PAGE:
Louis Vuitton 


The first signature canvas to come from the French fashion house was Damier. It was crafted in 1888 and is therefor older than the iconic monogram coated canvas. The Damier features a checkerboard pattern – Damier means checkerboard in French. Some of the tiles have the ‘marque L. Vuitton déposéé’ written on them, which is Louis Vuitton’s first registered trademark, in order to deter imitations. 

The checkerboard pattern was first released in dark and light brown and then in red and white. The red and white combination was only released for a limited time, so it’s a highly coveted combination today. Later it was also launched in brown and beige. 

The pattern was reintroduced as Damier Ebène in 1998 and it’s still a house classic today. It’s still a brown and beige checkerboard pattern, but now it’s printed on black canvas as opposed to being hand painted. 



Coated canvas 

Another well known pattern from Louis Vuitton is the coated canvas, also known as the LV monogram. It was created by Georges Vuitton in 1896 in an effort to make it harder to copy Louis Vuitton pieces. It consists of the Louis Vuitton logo, circles, quatrefoils and flowers. It was created in the classic brown and beige color way but it’s been interpreted and has had many different colors since 1896. 

If you want to read more about the history of Louis Vuitton and the materials they use when making their luxurious bags, have a look at our full Louis Vuitton Bible HERE


Photos: piamance, myblueberrynightsblog & amandafranzeen



The well known Oblique pattern from Dior was created in 1967 by Marc Bohan. Marc Bohan is well known for his 30 years as Creative Director for Dior – he was with the brand from 1961 to 1989! – and is behind many iconic Dior collections. The pattern is named after Christian Dior’s F/W 1951 collection and the first bag with the pattern hit the runway as part of the haute couture collection in 1967. 

The print was so popular that the brand decided to decorate their entire Dior Monsieur boutique in Paris with it in 1974. 

The logo trend took over the runways in the 2000s as John Galliano took over Dior. He put his own touch on the now iconic print and put it on his streetwear pieces. 

Maria Grazia Chiuri took over as Creative Director for Dior in 2016 and ventured out on a journey to go through the archives and revamp the best classic styles – the Saddle bag for one!

Photo: The Vintage Bar


The double F’s, the FF logo, the Zucca – Fendi’s logo has many names! It actually stands for ‘fun fur’ and has nothing to do with the name Fendi, but it works anyway. 

After being hired as a freelancer in the Fendi fur department in 1965, Karl Lagerfeld came up with the iconic logo in five seconds. The logo was made to decorate the lining inside Fendi’s fur coats in order to make them more playful. Lagerfeld was hired in the hopes that he could refresh the fur department with a more contemporary look and this was one way to do just that. 

The Zucca logo catapulted the Fendi brand to new heights especially in the 1980s and 1990s and once again when logo mania took off again in 2018. Today the print is used on bags, clothes, shoes and various accessories.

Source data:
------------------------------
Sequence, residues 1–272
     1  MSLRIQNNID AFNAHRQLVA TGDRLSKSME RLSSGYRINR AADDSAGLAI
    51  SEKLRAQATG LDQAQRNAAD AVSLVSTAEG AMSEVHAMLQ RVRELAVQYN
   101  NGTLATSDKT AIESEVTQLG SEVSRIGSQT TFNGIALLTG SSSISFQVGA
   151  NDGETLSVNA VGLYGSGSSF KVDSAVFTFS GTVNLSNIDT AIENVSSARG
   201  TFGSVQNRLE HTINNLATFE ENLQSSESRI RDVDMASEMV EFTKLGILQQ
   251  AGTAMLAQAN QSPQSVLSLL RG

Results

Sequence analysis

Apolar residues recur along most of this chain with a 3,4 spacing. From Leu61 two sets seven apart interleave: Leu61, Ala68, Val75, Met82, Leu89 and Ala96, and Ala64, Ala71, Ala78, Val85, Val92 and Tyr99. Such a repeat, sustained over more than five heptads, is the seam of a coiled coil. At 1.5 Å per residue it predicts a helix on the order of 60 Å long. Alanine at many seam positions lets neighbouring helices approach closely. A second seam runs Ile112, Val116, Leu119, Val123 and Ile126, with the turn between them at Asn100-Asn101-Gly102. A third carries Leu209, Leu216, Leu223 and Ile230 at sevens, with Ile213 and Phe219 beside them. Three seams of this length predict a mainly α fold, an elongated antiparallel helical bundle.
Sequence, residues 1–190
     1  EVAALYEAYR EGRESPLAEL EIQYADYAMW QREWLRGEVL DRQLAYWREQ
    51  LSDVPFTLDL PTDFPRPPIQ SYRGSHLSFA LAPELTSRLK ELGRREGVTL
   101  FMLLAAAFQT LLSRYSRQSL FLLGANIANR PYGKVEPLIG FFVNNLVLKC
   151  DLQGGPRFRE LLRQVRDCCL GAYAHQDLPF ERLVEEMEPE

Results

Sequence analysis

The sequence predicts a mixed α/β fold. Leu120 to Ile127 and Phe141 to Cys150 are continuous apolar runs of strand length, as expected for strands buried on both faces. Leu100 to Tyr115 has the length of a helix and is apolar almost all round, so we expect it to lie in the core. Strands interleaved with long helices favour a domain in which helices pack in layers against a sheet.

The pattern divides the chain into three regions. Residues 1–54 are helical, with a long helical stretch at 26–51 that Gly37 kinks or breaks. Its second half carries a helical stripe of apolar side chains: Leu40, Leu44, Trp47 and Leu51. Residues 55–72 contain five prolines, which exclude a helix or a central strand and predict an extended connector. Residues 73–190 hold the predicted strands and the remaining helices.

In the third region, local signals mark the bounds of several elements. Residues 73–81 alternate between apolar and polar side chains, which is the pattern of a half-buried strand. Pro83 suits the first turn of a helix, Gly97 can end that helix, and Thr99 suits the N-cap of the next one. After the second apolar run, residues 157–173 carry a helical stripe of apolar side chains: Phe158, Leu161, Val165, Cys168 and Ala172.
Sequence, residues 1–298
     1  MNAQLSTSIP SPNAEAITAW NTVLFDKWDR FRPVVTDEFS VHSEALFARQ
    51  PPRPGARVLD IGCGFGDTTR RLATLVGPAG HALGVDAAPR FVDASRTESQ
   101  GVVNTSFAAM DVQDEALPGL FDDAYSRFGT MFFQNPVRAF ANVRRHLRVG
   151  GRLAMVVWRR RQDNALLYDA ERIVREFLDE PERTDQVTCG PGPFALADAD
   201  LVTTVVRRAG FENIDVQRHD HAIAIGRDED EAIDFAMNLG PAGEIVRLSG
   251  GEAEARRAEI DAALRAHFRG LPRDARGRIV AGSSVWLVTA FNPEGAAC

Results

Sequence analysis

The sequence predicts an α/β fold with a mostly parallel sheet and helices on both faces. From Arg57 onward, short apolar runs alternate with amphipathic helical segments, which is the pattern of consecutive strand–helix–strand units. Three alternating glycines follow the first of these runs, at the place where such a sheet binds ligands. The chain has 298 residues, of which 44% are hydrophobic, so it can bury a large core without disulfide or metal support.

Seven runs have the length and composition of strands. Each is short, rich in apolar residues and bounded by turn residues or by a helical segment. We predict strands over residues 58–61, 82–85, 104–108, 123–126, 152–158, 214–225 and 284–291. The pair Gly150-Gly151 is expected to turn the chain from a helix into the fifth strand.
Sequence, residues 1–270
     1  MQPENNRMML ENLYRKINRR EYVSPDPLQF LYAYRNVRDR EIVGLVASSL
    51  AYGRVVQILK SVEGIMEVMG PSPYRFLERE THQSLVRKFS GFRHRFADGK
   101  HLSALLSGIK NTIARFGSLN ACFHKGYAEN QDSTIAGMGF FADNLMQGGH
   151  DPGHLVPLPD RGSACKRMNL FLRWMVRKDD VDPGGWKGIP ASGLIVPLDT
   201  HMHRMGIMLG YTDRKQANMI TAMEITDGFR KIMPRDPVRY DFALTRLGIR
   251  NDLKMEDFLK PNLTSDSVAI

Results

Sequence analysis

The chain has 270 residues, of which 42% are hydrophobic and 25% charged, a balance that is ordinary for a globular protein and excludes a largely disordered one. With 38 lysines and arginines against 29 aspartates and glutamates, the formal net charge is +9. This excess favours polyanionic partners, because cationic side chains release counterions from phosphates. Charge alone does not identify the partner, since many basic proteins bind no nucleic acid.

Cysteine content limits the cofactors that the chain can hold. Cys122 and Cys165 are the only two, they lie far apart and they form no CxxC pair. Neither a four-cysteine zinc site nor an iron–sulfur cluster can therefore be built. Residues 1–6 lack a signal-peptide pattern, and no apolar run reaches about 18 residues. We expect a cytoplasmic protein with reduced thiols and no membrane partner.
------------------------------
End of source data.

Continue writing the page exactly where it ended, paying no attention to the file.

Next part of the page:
Diamante canvas

In the mid 1930’s Gucci switched from making only leather bags and instead began to use a woven hemp from Naples. This was caused by Mussolini’s alliance with Nazi Germany and his order to invade Ethiopia, as the League of Nations imposed multiple trade embargos on Italy, meaning that there was a shortage of leather in Italy. This meant that the Italian fashion house was left with a dilemma – either adapt and start using other materials or close shop. 

Today the specially woven hemp is known as Diamante and is Gucci’s first signature print. It has small dots that form interconnected diamond shapes. Today all four points of each diamond has a ‘GG’, but this wasn’t added to the print until 1961 when the GG logo was created. 

Diamante was originally only available in a beige and brown color way but has since its origin been released in a variety of shades. 

Photo: fritziamarquez


Princess Grace Kelly of Monaco bought a green Bamboo bag in Milan in 1966. To say thank you for shopping with Gucci, Rodolfo Gucci decided that she could pick anything from the store as a gift. She chose a scarf, but Rodolfo didn’t think any of the scarves in the store were suitable for someone like the princess. He therefore commissioned Vittorio Accornero, an Italian illustrator, to design a scarf especially for her. 

This is how the Flora print came about. It features 43 different types of flowers, plants and insects in no less than 37 colors. 

It was reintroduced by Frida Giannini in 2005 when she was the Creative Director of accessories. It began being used on bags, shoes and small leather goods and quickly became synonymous with the Italian brand.

Gucci is well known for other motifs which don’t necessarily fit into the logo mania trend but that still make you recognize the brand instantly. If you want to read more about their horse bit, bamboo or web, read the full Gucci bible HERE

Photo: The Vintage Bar

A lot of brands have interesting logos – this is just a short selection of some of the most prominent logos you’ll see when you browse our selection of logomania pieces. 

Written by Alberte Gram
Alberte Gram is a fashion writer based in London.
The people pictured are not associated with The Archive
or The Vintage Bar, and do not endorse the products shown.